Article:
Wanderings

On Sunday, I complained about how much more energy I needed to run with my 4 year old in the baby jogger.

On Monday, I complained about how much faster we’re going through gas in the car – a result of my husband insisting on keeping the A.C. on, even to go short distances.

On Tuesday, I looked up into the clear blue sky and noticed a plane flying west. How much energy does it use? And then I thought about it.

Weight and gasoline? They go hand in hand. In the same way that many nations in our world are facing a health crisis due to our populations showing increasing numbers of overweight individuals, our world is also in an environmental crisis. Think about what 5 fewer pounds on each of us would mean.

It would mean that a plane seating 100 passengers would be saving 500 pounds in excess cargo. How much fuel is needed to lift 500 pounds hundreds of feet into the air?

It would mean less energy would be used when raising and lifting elevators. Better yet; it would probably mean more people use the stairs, thereby saving even more energy.

It might mean that our race times would drop because we wouldn’t be hauling extra weight across the finish line. It might also mean that more people would feel fit enough to enter races. These are good things.

Instead, we drive places that are close enough to walk. If we walked, we would be healthier and we would save on gas. Did you know that walking an extra 100 metres every day is worth 2 pounds a year?

Now, not everyone needs to lose weight (I, for one, could probably stand to gain a few pounds). But the relationship between our weight and energy crisis does exist? Or is it just me who thinks so?

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11 comments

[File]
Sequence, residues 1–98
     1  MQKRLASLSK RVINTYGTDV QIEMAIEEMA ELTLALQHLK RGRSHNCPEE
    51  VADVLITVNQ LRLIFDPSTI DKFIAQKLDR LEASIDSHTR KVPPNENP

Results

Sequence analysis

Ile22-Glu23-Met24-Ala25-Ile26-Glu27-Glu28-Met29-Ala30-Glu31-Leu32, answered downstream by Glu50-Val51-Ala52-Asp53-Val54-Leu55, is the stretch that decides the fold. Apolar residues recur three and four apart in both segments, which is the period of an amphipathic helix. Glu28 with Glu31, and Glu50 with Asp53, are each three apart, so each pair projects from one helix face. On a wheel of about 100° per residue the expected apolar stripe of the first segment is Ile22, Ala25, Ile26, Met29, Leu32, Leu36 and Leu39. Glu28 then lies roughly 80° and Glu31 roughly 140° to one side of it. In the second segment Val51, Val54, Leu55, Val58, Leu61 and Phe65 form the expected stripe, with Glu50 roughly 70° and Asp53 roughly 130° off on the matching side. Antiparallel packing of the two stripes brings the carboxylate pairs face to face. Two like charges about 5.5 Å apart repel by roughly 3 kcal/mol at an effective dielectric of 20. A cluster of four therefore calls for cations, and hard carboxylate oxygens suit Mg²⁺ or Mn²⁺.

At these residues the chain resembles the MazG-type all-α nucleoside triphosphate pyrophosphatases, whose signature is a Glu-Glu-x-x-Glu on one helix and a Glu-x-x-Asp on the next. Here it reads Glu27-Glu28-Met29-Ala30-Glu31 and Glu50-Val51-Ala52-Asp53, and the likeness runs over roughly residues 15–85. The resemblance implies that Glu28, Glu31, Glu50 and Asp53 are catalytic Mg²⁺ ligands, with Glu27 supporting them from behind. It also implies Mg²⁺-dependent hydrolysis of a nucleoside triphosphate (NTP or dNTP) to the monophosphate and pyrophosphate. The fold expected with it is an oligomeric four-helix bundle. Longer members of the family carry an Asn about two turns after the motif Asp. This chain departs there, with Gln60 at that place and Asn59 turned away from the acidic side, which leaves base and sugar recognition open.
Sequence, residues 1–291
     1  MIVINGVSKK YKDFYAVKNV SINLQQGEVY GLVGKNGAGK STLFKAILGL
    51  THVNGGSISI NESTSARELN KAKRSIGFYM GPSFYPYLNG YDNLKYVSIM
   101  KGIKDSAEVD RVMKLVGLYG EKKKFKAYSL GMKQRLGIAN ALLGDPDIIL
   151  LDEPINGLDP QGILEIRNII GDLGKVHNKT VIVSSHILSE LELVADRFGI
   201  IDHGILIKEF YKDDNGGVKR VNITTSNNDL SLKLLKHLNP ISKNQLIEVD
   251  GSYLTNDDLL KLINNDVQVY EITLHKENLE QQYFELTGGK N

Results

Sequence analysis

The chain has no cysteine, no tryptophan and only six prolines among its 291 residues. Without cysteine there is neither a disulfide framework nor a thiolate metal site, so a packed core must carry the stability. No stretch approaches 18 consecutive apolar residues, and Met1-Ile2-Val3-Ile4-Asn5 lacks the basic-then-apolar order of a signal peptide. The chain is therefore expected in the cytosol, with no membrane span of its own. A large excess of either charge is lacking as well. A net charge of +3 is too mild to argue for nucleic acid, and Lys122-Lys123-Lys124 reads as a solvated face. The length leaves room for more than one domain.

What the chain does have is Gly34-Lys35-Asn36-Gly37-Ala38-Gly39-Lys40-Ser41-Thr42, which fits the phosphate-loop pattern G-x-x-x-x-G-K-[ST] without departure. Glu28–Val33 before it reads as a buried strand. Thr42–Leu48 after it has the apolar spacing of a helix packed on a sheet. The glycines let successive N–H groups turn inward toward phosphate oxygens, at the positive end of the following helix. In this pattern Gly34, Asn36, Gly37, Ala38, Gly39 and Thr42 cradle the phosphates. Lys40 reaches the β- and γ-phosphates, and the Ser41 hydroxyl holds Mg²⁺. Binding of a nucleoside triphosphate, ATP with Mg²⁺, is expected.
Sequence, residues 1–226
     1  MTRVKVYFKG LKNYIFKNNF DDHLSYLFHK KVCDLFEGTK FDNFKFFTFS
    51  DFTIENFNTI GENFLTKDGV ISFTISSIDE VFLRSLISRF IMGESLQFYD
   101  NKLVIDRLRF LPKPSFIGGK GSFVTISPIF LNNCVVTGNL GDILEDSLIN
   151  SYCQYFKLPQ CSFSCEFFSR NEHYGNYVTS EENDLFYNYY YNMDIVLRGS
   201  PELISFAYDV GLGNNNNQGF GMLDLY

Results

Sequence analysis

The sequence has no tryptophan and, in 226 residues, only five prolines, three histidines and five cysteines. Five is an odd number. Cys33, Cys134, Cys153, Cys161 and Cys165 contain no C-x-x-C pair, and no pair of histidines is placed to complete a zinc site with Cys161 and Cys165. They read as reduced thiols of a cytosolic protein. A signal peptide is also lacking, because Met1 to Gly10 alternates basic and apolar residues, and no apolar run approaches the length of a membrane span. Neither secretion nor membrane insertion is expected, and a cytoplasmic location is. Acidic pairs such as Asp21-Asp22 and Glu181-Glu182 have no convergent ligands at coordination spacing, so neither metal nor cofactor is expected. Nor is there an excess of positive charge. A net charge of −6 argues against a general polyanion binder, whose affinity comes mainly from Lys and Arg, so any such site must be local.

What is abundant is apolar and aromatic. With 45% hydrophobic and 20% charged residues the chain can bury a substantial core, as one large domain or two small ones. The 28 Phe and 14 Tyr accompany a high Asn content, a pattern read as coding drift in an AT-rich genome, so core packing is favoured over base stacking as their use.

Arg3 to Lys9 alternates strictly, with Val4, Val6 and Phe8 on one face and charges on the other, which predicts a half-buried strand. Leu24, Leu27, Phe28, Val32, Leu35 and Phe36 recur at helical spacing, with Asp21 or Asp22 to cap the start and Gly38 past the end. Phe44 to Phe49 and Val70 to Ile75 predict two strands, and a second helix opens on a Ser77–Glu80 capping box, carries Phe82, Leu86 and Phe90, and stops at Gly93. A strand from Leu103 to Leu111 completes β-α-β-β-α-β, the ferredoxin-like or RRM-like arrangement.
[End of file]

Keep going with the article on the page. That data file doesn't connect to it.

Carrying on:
1. In the “Omnivore's Dilemma,” Michael Pollan looks deeply into connections such as this. It's amazing how little we would all have to do to have cleaner air, healthier lives, and a nicer environment.

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  2. It never ceases to amaze/depress me how our society will struggle to lose 5 pounds, while other parts of the world face the reality of starvation.

    Lead by example and stay committed to change.

    I, too, read and recommend the Omnivore's Dilemma recently.
    It's crazy how we infuse corn-based ingredients into everything in America which makes the decision of inexpensive/junk food versus expensive/healthy food so much easier (to our detriment).

    I'm impressed by how earth-shattering your thoughts become after complaining for a few consecutive days.

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  3. Cynthis, I agree 100%, droping those few extra pounds is huge, or 20 extra in my case, and I have not felt this good in years. I am not sure how many Doctors need to tell us that the world is too fat, before we start doing something about it.
    As far as our energy and fuel for planes is concerned think about this, I worked for Southwest Airlines for many years and on average in Chicago Midway airport with 237 flights per day, we would pump about 370,000 gallons of fuel per day, and that was just for the planes.

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  4. Great post, it does get you thinking. I think society has also got very lazy and expects conveniences….such as using the elevator, driving to the corner store which inturn contributes to the obesity of our society. Its actually very sad that people don't value their health, its really the only thing we've got in life!

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